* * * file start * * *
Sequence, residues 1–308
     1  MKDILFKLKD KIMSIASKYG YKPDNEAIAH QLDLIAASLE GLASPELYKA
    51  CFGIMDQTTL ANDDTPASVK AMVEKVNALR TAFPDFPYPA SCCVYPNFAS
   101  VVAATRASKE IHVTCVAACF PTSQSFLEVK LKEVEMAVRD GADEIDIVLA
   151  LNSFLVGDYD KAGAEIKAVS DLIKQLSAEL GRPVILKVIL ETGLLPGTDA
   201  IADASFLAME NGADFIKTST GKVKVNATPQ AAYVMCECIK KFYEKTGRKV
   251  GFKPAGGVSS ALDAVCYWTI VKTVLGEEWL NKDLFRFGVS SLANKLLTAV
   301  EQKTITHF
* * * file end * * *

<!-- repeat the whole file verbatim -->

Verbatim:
Sequence, residues 1–308
     1  MKDILFKLKD KIMSIASKYG YKPDNEAIAH QLDLIAASLE GLASPELYKA
    51  CFGIMDQTTL ANDDTPASVK AMVEKVNALR TAFPDFPYPA SCCVYPNFAS
   101  VVAATRASKE IHVTCVAACF PTSQSFLEVK LKEVEMAVRD GADEIDIVLA
   151  LNSFLVGDYD KAGAEIKAVS DLIKQLSAEL GRPVILKVIL ETGLLPGTDA
   201  IADASFLAME NGADFIKTST GKVKVNATPQ AAYVMCECIK KFYEKTGRKV
   251  GFKPAGGVSS ALDAVCYWTI VKTVLGEEWL NKDLFRFGVS SLANKLLTAV
   301  EQKTITHF